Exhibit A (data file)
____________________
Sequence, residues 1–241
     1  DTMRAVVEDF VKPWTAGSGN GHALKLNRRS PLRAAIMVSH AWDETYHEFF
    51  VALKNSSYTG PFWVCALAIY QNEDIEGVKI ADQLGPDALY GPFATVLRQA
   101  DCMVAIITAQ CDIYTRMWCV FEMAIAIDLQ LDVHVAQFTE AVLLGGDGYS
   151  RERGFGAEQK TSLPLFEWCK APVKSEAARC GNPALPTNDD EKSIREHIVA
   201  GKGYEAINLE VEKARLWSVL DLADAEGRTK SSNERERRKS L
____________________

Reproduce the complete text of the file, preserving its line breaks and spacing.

Sequence, residues 1–241
     1  DTMRAVVEDF VKPWTAGSGN GHALKLNRRS PLRAAIMVSH AWDETYHEFF
    51  VALKNSSYTG PFWVCALAIY QNEDIEGVKI ADQLGPDALY GPFATVLRQA
   101  DCMVAIITAQ CDIYTRMWCV FEMAIAIDLQ LDVHVAQFTE AVLLGGDGYS
   151  RERGFGAEQK TSLPLFEWCK APVKSEAARC GNPALPTNDD EKSIREHIVA
   201  GKGYEAINLE VEKARLWSVL DLADAEGRTK SSNERERRKS L